November 15, 2007
Bridge World In An Uproar
Here’s the photo of the “incident” that “has the bridge world in an uproar.”
The image shows America’s women’s team members (l to r) Jill Levin, Jill Meyers, Debbie Rosenberg and Irina Levitina during the award ceremony following their victory in the world championships last month in Shanghai.
Here’s the article link for background on the punishments being levied; what the world bridge organizational ground rules are for brandishing political communications scribbled on the back of a menu; and comments, by the players, about the atmosphere at the competition, which was described as less warm toward the Americans than during previous tournaments, with a lot of anti-war, anti-torture and anti-Bush sentiment being expressed.
In my mind, the biggest deal about this image — photographed during the singing of “The Star Spangled Banner” while several team members were waving small American flags — is why it’s a big deal at all.
Debbie Rosenberg, the one holding the sign, wrote that the action was inspired by the right of Americans to dissent, and as a commentary against America’s current brand of patriotism, which equates criticism with treason. How ironic, then, that this gesture should come back and undercut these players for exercising that right.
I understand how the women were shocked by the reaction. The visual data seems to back up Ms. Greenberg’s statement that she put up the sign “in response to questions from players from other countries.” Far from attempting to make a larger statement — I see no trying to make eye contact with the cameras or hoisting the sign aloft– it seems the women (in directed gazes with the audience) were simply trying to communicate with their assembled international peers.
What is most indicative of this intent is the style of the message. Rather than an attack or a proclamation, the comment involves the telegraphing of political compatibility through the personal quality of a shared confidence. (Consequently, I assume the smiles mirror the acknowledgment, and feelings of increased warmth and acceptance — and the appreciation of the humor — they are receiving from the audience. (This is less a direct put down of the President than it is a larger declaration of commonality, just like confirming: “Yes, we too don’t like peas.”)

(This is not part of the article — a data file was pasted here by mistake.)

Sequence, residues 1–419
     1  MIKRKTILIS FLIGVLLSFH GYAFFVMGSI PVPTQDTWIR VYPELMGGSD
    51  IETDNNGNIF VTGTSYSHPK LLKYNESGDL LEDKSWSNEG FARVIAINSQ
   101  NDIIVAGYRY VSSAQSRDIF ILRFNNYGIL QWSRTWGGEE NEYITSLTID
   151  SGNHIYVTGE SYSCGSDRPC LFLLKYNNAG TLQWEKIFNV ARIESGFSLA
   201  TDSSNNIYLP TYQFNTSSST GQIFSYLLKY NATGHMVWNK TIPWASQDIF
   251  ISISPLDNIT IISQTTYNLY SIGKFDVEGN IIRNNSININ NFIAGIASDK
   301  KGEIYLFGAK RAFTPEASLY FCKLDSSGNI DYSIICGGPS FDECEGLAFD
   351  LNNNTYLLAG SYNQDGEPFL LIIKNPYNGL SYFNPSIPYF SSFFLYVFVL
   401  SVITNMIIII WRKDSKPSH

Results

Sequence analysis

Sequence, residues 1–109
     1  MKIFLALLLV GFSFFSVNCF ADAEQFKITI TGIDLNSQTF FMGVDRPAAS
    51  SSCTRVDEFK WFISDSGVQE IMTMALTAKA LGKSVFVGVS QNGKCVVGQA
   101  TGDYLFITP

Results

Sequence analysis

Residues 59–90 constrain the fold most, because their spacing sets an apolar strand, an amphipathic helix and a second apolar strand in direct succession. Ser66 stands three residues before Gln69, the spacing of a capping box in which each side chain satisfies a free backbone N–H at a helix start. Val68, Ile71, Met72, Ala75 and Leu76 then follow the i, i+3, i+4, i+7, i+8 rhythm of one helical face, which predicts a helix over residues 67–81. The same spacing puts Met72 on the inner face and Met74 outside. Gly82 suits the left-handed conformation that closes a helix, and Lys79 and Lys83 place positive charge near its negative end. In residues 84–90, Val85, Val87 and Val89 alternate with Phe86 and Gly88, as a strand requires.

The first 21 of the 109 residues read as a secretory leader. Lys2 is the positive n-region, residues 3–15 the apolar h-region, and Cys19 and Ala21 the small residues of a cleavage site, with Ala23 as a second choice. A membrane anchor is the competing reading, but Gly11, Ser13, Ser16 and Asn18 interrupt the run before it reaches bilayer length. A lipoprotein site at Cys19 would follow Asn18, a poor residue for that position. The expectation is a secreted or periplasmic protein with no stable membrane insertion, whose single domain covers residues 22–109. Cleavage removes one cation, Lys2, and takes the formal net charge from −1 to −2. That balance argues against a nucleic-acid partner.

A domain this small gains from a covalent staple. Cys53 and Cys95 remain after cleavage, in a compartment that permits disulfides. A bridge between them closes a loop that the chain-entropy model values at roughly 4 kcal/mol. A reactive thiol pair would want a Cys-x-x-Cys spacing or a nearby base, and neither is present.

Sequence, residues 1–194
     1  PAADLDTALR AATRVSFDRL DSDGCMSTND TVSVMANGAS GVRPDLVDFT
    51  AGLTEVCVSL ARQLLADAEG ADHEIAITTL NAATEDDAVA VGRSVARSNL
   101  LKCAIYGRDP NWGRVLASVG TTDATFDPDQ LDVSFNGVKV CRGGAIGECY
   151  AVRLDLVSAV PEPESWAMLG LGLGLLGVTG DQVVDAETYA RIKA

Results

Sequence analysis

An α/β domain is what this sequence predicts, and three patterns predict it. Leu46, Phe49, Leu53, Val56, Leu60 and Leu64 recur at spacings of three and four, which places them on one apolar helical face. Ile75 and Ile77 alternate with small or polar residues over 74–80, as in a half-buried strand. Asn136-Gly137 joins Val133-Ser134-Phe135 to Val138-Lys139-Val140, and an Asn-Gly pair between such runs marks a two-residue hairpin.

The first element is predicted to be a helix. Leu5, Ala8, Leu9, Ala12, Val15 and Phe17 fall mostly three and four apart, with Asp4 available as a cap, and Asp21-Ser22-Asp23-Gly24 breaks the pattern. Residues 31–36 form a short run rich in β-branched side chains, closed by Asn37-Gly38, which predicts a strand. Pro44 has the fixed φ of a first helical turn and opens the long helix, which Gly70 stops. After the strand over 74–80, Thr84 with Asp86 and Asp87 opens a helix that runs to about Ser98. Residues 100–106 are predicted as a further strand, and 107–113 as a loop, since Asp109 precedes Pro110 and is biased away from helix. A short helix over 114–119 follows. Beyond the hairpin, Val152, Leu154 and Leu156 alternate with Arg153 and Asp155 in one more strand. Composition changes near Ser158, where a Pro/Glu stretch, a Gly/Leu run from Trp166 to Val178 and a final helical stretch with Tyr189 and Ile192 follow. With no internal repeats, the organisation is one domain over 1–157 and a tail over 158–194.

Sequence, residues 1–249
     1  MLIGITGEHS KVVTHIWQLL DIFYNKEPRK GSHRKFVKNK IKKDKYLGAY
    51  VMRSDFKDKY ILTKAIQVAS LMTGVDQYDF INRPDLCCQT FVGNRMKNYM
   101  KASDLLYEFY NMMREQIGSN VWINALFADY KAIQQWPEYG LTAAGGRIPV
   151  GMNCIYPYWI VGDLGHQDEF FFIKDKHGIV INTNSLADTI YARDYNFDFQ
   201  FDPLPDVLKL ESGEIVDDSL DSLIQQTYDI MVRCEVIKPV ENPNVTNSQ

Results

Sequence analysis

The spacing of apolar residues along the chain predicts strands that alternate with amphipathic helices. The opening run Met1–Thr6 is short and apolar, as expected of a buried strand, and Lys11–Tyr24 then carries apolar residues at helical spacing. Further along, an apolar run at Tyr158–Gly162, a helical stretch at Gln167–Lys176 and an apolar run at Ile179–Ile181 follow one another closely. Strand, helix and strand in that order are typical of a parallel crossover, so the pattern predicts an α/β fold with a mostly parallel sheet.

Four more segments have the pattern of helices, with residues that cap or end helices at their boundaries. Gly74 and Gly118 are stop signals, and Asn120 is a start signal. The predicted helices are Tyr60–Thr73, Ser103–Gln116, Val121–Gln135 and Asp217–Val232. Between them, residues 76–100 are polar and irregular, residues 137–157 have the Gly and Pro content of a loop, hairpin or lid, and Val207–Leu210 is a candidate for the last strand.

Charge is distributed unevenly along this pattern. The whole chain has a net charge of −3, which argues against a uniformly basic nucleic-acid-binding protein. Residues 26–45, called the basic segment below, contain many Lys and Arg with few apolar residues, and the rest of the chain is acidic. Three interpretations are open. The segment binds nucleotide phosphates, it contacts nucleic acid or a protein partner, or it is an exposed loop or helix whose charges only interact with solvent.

Unfortunately, the photo — now out in the public sphere — can only make these women look worse. The new problem has to do with perceived affect. As explained in the article, the idea of the scribbled sign was a spontaneous thing, intended mostly for levity. Because they’re laughing, though — sheepishly, I assume, more than anything else — the tendency is to read these expressions as mocking, which — in a converse effect — seems more disrespectful than if the women appeared morally indignant.
And then, there is one more thing about the photo which contributes subliminally to the suggestion, made by the article, that this gesture is somehow analogous to the attack on Bush by the Dixie Chicks in 2003. In the random way that the players are situated, the word “CEREMONY” in the background, like a perverse subtext, seems to read like: “ACRIMONY.”
(image: swangames.com by nytimes.com. Shanghai. October 2007)